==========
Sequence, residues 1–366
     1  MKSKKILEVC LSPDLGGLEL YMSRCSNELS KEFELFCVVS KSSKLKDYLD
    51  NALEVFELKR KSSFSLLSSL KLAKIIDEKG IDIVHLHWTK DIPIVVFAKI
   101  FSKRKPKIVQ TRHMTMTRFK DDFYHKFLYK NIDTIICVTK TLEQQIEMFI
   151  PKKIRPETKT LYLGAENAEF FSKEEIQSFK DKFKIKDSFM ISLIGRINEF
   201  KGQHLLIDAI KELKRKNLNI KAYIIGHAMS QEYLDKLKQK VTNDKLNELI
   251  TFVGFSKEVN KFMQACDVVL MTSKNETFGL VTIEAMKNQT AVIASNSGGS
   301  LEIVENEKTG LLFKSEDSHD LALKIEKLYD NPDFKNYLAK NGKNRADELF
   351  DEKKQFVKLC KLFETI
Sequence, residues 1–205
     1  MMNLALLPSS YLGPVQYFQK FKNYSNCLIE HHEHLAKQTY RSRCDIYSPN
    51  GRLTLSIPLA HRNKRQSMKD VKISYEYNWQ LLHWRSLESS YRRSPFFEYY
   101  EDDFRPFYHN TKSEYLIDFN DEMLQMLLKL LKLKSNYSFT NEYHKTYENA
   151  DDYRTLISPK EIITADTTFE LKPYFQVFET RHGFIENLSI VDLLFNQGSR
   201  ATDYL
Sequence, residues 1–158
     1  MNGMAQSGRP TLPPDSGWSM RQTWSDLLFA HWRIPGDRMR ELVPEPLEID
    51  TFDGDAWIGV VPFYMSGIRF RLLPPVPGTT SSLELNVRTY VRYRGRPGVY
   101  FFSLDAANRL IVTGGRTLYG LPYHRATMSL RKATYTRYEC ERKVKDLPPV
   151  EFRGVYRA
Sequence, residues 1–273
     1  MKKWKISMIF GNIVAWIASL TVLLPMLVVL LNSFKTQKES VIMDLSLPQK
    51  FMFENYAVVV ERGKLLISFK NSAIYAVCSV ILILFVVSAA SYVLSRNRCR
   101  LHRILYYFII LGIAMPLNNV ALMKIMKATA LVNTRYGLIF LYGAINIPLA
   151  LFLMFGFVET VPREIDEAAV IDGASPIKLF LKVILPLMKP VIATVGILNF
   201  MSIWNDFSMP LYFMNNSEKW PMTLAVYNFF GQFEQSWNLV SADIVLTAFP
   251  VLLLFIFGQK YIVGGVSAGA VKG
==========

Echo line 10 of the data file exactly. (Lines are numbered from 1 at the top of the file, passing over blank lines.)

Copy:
Sequence, residues 1–205